Child health care specialists have called for anyone under the age of 18 be banned from using social media without training.
The call from StemProtect.co.uk (the UK’s stem cell bank) comes at a time when cyber bullying and mental health issues among teens and young children are at an all-time high. An estimated one in three teenage girls is reported as suffering from depression or anxiety, which is a rise of 10% on figures just 10 years ago.
The firm has drawn the line between an increase in social media use among teens, and the rising number of mental health problems they face.
When it comes to body image issues, apps like Instagram can make the problems much worse, giving teenage girls unrealistic expectations of what their own bodies should look like as they compare them with the so-called ‘candid’ and ‘real’ images professional Instagram personalities and models share on their own Instagram feeds.
And with the increased number of ways teens can be reached online, bullying has taken a new and worrying form over the past decade, with cyberbullying meaning that even when children aren’t at school or around other people, they can still be targeted – often anonymously – online.
The solution might seem like a radical one, but it could be the only solution. The company has called for a total ban on anyone under 18 using social media without first having training to help them cope with its downsides. On the one hand, this still gives them access to the sites they need to be able to work in digital fields, while also taking care to make them aware of what they can do to stay safe and happy.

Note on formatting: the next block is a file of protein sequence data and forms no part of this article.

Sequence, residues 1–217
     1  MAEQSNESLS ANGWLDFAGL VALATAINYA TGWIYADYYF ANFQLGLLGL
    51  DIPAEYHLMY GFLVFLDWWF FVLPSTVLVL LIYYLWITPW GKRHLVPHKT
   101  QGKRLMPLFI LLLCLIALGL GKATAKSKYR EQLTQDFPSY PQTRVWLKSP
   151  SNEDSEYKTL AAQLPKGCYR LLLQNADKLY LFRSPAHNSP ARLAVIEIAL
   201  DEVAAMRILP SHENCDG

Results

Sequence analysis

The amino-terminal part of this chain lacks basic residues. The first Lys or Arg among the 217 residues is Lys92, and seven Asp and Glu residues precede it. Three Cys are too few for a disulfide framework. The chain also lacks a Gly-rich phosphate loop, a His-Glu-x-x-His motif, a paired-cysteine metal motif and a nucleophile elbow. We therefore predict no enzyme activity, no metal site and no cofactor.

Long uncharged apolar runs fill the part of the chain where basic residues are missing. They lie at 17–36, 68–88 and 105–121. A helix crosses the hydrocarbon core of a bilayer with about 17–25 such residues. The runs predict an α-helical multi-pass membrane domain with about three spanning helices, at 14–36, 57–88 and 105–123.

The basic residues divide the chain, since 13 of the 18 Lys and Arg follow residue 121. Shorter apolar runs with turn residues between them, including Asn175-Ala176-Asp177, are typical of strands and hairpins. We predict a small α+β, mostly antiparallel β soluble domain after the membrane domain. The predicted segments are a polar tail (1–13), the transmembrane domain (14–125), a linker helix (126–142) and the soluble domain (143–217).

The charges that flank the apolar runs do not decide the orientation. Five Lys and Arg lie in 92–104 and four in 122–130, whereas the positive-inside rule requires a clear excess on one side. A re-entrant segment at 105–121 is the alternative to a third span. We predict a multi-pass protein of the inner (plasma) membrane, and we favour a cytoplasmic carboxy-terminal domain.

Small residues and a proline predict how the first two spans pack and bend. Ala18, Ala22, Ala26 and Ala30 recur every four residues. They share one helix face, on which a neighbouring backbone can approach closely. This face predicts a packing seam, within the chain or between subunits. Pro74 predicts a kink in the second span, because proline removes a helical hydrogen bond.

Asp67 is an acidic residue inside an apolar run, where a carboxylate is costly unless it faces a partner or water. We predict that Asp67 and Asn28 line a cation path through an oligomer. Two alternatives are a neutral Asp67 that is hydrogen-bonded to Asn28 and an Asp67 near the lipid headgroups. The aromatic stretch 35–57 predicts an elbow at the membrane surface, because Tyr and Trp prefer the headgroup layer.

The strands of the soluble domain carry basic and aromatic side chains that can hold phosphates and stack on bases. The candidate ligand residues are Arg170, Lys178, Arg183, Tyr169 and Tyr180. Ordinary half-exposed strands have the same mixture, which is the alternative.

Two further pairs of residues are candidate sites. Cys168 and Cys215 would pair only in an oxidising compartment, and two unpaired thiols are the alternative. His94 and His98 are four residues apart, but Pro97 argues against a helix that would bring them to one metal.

Spokesperson for StemProtect, Mark Hall, said: “We’re not calling for all under 18s to be banned from social media at all, that would be unrealistic and unhelpful. Instead what we’re suggesting is a mandatory procedure for under-18s to go through before they can access it, otherwise they would need to wait until they were 18 to use things like Facebook, Instagram, Twitter and Snapchat.”
The company’s PR claims the move is one of the most ‘practical’ solutions that’s been suggested to deal with the problems social media can cause to teens’ mental health. Perhaps ‘radical’ would be a more fitting description. How such a policy could be implemented is an even bigger challenge – unless undertaken on a worldwide scale and with the involvement of ALL social media the plan would almost certainly fail.
The announcement at first seemed like a public relations exercise – after all, why would a stem cell bank see reason to push such a plan? Perhaps it’s to do with news in the UK that calls to help lines for children contemplating suicide are increasing dramatically with the increased use of social media and the subsequent increase in cyberbullying that proposals like this are coming out.
Educating children about responsible use of the internet and social media in general should be introduced in schools and hopefully, apps and social media sites will start to provide guidance on what content is acceptable and what posts will not come back to haunt children later in life.